• Do you have a programme in place to develop the NetZero capability of your Supply Chain?

Which internal stakeholders should be involved?

Short answer: everyone. Net Zero is a large scale operation and for it to be successful, everyone needs to be involved.

It speaks to a wider purpose, relating to the future of our upcoming generations, our environment and the planet.

  • Author: Peter Catlow, Director of Sustainability

TRIAD Reconciliation

The TRIAD period runs between November and February, the official dates are released by the National Grid in March each year and are based on the 3 highest peaks of demand during this period (Nov-Feb), taking into account the ‘10 clear day rule’.

To factor these TRIAD charges into what business are invoiced, suppliers estimate what a business is likely to consume during these peak periods and charge accordingly throughout the year. The TRIAD charges a business pays in advance are held until the actual TRIAD periods are released.

Once the dates are announced, suppliers will review these published periods to check that the invoiced charges over the year cover these charges and will reconcile as needed. The reconciliations appear on customers’ invoices between April and June and can be in the form of a credit or additional charges.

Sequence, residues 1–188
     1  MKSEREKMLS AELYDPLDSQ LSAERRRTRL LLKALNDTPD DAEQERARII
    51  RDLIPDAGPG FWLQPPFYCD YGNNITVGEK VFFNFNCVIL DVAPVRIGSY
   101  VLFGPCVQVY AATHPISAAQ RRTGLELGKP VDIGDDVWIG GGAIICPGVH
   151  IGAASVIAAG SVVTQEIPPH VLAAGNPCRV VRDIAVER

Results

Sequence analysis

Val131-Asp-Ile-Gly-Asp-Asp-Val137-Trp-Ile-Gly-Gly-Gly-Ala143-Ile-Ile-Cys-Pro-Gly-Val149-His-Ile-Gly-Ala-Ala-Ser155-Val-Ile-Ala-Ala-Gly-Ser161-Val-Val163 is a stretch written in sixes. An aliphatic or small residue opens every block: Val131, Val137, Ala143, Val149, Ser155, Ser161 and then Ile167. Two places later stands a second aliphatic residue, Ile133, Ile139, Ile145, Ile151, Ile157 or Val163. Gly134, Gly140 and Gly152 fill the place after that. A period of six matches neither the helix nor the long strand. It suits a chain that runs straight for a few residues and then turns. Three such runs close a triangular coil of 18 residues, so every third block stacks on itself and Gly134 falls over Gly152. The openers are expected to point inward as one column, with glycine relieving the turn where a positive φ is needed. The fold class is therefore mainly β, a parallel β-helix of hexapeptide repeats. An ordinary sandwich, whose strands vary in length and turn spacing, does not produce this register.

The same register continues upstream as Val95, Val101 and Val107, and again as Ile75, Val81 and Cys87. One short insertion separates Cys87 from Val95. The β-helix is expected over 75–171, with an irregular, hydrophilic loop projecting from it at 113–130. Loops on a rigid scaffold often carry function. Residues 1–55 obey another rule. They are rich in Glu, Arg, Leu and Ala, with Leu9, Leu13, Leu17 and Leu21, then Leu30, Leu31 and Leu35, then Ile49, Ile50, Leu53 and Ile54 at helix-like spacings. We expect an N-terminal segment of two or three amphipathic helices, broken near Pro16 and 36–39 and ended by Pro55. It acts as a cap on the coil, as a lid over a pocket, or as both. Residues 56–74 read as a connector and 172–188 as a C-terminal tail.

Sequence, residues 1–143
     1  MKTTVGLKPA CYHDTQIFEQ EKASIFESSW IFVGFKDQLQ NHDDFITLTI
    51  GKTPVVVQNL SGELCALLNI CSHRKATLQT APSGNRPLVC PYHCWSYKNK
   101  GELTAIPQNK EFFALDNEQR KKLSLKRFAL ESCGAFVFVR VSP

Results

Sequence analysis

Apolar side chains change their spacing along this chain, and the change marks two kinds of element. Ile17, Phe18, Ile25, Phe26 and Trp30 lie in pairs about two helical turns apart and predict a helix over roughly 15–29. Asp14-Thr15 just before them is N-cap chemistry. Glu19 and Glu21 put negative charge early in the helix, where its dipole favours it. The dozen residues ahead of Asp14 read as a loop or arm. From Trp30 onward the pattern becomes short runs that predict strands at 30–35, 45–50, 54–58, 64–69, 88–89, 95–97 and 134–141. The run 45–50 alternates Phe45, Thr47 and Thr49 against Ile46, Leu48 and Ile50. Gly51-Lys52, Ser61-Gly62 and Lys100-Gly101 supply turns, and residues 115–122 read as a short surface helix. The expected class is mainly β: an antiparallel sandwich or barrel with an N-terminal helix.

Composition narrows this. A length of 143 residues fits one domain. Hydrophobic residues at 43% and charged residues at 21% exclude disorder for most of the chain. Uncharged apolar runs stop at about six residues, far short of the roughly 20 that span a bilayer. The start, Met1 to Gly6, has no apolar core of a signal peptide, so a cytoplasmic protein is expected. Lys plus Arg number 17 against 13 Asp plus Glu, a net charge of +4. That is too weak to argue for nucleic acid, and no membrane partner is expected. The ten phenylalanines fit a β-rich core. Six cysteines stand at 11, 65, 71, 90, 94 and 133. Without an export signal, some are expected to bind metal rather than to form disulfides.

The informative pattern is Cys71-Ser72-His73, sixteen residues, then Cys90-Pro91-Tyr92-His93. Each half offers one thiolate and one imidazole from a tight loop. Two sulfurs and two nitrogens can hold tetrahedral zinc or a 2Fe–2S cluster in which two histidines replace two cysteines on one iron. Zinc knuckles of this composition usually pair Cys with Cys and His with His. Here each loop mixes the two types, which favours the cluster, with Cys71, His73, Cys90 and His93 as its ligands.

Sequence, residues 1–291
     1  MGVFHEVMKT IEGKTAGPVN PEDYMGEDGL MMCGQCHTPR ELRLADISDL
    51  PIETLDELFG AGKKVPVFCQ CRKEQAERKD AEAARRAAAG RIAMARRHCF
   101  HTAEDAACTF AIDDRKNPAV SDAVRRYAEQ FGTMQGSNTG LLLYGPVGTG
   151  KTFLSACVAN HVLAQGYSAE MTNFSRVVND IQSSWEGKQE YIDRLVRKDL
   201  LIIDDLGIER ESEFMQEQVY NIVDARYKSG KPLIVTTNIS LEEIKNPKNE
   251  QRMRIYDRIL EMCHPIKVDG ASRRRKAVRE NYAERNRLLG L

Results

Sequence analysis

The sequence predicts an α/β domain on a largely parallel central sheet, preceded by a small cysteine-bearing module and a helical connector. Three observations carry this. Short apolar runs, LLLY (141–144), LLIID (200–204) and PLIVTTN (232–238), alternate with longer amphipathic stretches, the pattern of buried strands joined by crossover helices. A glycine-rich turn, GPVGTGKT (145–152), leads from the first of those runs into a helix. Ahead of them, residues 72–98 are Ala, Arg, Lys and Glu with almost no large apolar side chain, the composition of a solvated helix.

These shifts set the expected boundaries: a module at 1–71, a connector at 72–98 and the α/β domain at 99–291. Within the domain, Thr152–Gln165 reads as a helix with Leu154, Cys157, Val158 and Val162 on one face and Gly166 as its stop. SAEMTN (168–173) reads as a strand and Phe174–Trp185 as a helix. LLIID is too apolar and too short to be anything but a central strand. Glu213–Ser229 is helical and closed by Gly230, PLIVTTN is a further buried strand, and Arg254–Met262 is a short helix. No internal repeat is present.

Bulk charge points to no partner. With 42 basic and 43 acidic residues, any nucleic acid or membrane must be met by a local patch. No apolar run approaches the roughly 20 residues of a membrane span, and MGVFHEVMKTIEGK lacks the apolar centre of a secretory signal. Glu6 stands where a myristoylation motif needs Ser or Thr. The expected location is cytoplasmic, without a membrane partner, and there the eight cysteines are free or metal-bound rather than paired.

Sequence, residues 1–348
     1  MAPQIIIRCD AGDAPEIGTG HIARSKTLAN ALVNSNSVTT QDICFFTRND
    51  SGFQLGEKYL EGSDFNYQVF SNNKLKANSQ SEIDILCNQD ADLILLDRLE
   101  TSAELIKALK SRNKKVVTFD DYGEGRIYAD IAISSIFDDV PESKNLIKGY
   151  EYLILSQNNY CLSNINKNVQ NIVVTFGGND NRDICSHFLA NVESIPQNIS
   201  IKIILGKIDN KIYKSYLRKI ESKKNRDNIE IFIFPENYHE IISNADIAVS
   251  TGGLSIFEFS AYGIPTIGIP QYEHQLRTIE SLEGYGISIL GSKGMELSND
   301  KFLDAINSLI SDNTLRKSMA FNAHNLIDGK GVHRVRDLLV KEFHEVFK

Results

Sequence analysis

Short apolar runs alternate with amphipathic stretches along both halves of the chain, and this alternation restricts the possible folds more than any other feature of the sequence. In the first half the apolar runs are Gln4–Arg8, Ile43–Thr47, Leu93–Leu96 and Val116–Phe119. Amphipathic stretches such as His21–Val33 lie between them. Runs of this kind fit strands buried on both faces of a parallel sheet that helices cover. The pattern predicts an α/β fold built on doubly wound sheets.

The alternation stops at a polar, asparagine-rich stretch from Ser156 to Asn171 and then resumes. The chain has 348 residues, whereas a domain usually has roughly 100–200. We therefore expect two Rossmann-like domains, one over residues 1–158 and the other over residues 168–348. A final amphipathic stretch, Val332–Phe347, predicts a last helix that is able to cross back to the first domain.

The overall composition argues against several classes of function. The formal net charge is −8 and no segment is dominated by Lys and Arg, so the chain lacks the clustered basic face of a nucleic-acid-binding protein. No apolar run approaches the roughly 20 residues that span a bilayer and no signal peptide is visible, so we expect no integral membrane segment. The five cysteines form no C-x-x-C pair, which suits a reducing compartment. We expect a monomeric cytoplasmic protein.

If businesses were able to avoid the TRIAD periods over the course of the winter period then they will probably see a credit on invoices, however, if they did not take action or were unable to avoid the warning periods then they will probably see an additional charge on their reconciled invoice.

Estimated Triad periods for 2020/2021:

7th Dec 2020, 17:00 – 44,353 MW

7th Jan 2021, 17:30 – 45,328 MW

10th Feb 2021, 18:00 – 44,886 MW

Our Triad alerts correctly predicted all three winter 20/21 triad periods.

  • Author: Michele Martin, Head of Customer Experience

  • Designer: Robyn Miller, Marketing Manager

COVID19 has had a considerable impact on the UK economy and has resulted in further issues for businesses when it comes to arranging energy supply contracts. Certain industries have been impacted more than others: with hospitality, leisure, tourism and also manufacturing businesses reliant on international trade feeling the effects.